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Assessment of diversity and genetic relationships of Neonectria ditissima: the causal agent of fruit tree canker
- Ghasemkhani, Marjan, Garkava-Gustavsson, Larisa, Liljeroth, Erland, Nybom, Hilde
- Hereditas 2016 v.153 no.1 pp. 7
- Neonectria, Neonectria ditissima, alleles, amplified fragment length polymorphism, apples, breeding, cultivars, fungi, genetic relationships, genetic similarity, genetic variation, loci, mating systems, microsatellite repeats, orchards, pathogens, perithecia, trees, variance, Belgium, Sweden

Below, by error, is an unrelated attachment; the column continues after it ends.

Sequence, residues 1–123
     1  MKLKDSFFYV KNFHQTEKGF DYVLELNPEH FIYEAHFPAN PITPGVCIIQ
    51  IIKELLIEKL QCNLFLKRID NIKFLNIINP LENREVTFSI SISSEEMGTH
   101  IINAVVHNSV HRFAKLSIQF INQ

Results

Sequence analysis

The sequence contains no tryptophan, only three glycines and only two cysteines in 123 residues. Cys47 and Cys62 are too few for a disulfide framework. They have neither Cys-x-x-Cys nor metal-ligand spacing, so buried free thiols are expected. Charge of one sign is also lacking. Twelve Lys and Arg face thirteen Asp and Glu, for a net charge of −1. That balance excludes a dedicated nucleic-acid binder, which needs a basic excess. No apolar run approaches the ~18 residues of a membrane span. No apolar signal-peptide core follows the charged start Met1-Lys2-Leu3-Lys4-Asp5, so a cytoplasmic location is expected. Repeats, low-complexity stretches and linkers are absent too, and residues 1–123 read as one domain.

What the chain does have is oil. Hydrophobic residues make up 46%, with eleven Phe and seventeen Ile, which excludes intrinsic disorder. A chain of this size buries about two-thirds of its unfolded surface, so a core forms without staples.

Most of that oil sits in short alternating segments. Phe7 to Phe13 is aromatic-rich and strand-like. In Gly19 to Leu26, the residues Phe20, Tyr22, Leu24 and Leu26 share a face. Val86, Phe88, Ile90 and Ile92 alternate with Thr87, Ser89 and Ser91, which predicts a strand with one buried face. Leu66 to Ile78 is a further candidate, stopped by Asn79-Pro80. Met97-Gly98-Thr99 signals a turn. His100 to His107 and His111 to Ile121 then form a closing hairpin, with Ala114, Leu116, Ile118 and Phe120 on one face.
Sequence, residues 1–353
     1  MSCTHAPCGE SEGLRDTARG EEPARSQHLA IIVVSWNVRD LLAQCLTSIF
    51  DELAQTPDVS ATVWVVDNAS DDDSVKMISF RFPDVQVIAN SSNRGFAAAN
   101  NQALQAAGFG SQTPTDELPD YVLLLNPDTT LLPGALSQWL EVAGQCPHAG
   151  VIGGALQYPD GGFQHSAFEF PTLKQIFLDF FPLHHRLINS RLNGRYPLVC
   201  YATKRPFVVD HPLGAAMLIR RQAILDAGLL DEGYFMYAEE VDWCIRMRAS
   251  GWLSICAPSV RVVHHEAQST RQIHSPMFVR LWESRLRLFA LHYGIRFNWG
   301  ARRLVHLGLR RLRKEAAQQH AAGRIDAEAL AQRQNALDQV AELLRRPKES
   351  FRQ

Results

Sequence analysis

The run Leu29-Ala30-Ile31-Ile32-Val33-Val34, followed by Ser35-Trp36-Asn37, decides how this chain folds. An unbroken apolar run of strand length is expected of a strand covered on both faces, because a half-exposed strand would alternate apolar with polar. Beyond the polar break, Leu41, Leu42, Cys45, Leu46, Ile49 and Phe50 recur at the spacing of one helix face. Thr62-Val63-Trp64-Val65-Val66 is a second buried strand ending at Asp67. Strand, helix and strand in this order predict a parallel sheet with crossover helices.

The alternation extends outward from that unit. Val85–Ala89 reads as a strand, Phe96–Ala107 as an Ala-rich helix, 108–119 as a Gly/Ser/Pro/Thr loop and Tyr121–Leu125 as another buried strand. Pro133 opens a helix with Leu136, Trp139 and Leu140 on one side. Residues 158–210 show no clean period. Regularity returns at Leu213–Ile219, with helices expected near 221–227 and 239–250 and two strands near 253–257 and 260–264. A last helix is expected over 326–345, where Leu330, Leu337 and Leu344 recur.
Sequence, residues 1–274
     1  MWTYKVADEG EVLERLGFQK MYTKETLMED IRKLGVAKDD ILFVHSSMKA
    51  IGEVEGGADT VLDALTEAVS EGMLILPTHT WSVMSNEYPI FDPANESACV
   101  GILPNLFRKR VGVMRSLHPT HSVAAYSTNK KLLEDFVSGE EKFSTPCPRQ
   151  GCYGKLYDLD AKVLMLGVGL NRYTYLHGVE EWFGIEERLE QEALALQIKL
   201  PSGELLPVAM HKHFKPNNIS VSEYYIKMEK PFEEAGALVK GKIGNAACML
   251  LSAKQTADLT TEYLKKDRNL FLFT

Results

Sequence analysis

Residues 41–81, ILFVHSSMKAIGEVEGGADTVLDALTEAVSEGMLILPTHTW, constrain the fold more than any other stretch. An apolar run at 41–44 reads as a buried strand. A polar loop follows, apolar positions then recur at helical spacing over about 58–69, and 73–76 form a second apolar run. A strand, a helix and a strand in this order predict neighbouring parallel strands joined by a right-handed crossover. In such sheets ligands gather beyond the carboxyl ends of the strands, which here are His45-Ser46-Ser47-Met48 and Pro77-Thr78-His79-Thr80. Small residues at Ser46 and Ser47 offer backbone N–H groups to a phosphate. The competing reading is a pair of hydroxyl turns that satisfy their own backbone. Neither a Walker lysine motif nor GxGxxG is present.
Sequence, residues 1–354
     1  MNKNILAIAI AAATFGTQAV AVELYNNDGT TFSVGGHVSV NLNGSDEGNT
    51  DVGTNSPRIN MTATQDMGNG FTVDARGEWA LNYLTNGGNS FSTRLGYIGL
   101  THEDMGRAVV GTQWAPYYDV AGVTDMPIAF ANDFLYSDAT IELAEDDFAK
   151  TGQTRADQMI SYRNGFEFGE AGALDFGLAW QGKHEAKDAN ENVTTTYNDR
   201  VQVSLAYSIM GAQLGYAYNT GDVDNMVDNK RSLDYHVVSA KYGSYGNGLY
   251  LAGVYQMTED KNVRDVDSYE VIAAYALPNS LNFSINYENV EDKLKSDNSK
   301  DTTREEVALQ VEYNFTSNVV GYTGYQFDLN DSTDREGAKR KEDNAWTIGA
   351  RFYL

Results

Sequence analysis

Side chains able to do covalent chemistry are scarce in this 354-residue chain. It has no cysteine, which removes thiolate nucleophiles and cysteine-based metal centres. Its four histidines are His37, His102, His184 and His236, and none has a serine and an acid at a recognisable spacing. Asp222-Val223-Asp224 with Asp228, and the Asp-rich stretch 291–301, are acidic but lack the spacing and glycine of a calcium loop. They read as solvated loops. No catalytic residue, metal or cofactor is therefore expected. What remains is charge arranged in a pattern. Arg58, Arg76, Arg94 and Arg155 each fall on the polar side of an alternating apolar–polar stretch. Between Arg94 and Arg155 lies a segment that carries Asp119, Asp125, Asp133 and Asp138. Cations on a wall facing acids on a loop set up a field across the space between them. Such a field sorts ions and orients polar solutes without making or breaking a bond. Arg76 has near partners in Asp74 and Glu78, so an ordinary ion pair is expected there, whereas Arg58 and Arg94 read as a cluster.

- BACKGROUND: Neonectria ditissima is one of the most important fungal pathogens of apple trees, where it causes fruit tree canker. Information about the amount and partitioning of genetic variation of this fungus could be helpful for improving orchard management strategies and for breeding apple cultivars with high levels of genetically determined resistance. In this study single-spore Neonectria isolates originating from both the same and from different perithecia, apple cultivars and apple orchards in Sweden and Belgium, were evaluated for AFLP- and SSR-based genetic similarity and for mating system. RESULTS: Seven SSR loci produced a total of 31 alleles with an average of 4 alleles per locus, while 11 AFLP primer combinations produced an average of 35 fragments per primer combination and 71 % polymorphic fragments. An AFLP-based analysis of molecular variance (AMOVA) revealed that 89 % of the variation was found within orchards and 11 % between orchards. Genetic similarity among the studied isolates was illustrated with a principal coordinate analyseis (PCoA) and a dendrogram. AFLP-based Jaccard’s similarity coefficients were the highest when single-ascospore isolates obtained from the same perithecium were compared, medium-high for isolates from different perithecia on the same tree, and lowest when isolates from different trees were compared. CONCLUSIONS: Based on the results of PCoA and AMOVA analysis, isolates from the same or geographically close orchards did not group together. Since AFLP profiles differed also when single-ascospore isolates from the same perithecium were compared, the mating system of N. ditissima is most likely heterothallic.